Innovative Technology Stories
To learn more about our innovative use of technology, click one of the stories below or download a PDF of the full document pdf icon[PDF – 7 pages].
Healthcare-associated infections cause nearly 700,000 illnesses in the United States every year. But when an outbreak occurs, zeroing in on the source of an infection in a hospital can be difficult and time-consuming. To simplify source identification, CDC is testing whether nanoparticles can be used to draw out disease-causing germs from environmental sampling swabs taken around a hospital.
In the event of a bioterror attack in the United States, accurate and rapid identification of disease-causing agents prevents illness and saves lives. Thanks to a collaboration between CDC and the Department of Defense (DOD), 16 laboratories around the U.S. stand ready to identify biothreat agents close to home using a new laboratory diagnostic test. The labs are members of a larger partnership called the Laboratory Response Network (LRN), and each of the 16 labs provides regional coverage.
COVID-19 drove innovation across CDC and the rest of the scientific world; one such area has been wastewater testing, which can serve as a bellwether for communities in the COVID-19 pandemic. Samples taken from wastewater systems can contain genetic material from the SARS-CoV-2 virus in feces of infected people. CDC experts, working with academic researchers, wastewater utilities, and public health colleagues, found that tracking the amount of virus in wastewater systems can provide early detection and reliable trends of community-level COVID-19 cases.
With symptoms to rival Ebola, Crimean-Congo Hemorrhagic Fever (CCHF) is often as deadly. NCEZID scientists are in the experimental stages of developing the first vaccine against CCFH with promising initial results. A successful vaccine would help effectively fight CCHF, which currently infects people from Eastern Europe to Central Asia and Africa. NCEZID’s team made the vaccine by genetically engineering a fake, non-infectious version of the CCHF virus to train the immune system to fight the real virus. A single dose of the vaccine has proven 100% effective in protecting mice engineered to be susceptible to CCHF.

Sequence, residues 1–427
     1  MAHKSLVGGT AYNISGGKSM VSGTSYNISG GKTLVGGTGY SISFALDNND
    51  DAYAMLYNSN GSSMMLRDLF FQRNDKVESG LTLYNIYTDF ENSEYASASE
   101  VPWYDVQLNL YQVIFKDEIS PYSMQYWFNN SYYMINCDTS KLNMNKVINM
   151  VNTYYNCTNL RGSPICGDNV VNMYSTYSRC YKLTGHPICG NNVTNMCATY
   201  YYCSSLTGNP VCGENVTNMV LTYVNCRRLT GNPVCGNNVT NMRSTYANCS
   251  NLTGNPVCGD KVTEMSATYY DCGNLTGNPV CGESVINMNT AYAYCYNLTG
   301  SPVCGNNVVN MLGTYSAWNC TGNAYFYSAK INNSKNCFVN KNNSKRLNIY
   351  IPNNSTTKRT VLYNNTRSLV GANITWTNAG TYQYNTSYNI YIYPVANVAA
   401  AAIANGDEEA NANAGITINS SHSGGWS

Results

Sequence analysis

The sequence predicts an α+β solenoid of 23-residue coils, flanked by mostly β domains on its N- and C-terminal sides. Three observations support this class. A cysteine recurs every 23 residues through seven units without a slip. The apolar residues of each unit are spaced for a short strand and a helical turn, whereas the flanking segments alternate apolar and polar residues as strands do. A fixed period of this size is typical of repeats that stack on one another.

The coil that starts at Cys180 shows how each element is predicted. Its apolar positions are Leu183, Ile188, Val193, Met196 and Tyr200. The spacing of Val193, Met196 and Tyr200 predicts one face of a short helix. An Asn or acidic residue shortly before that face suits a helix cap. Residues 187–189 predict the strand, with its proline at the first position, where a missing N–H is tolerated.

“Brittle and siloed” is how NCEZID once described the nation’s public health data systems. Health departments and parts of CDC used different data systems and differing approaches to handling data. Many were out of date. CDC’s Data Modernization Initiative (DMI) works to unify and advance data systems at CDC and in the nation’s health departments, and when COVID-19 struck, the Coronavirus Aid, Relief, and Economic Security (CARES) Act awarded $500 million to CDC for DMI. The support has brought CDC much closer to our goal.
If bacteria in something you ate made you sick, you probably got over it within a week. Had your immune system been weaker, you may have needed antibiotics. If you did, the antibiotics might not have worked. That’s because some enteric, or intestinal, bacteria, such as Salmonella, have become resistant to antibiotics. Tracking the growing health threat caused by antibiotic resistant bacteria is an urgent need to protect people’s health.
You step off a plane into an airport terminal, and a text message buzzes your smartphone. It’s a CDC Travel Health Alert Notice (T-HAN) informing you about a new faster-spreading variant of COVID-19 in the country you just visited. The T-HAN recommends that you monitor yourself for symptoms and gives you recommendations on how to protect yourself and others.
Urinary tract infections (UTI) are the most common type of healthcare-associated infection reported to CDC, and some bacteria that cause UTIs can be resistant to the antibiotics that treat them. In the United States, urinary catheters cause roughly 75% of UTIs, and biofilms – complex communities of microorganisms that irreversibly attach to a surface – are often the cause.
NCEZID scientists have discovered two tickborne bacteria not previously known to cause illness in people. The team used an advanced genomic sequencing technology called 16S metagenomics that can precisely identify bacterial genes in clinical samples, like blood. Analyzing them with standard technology is more painstaking and less productive.
Rabies kills 59,000 people each year globally, and in some countries, the danger of infection is widespread. To streamline these countries’ efforts to stop the disease’s spread, NCEZID created a free app and data system and offers free training on how to use them.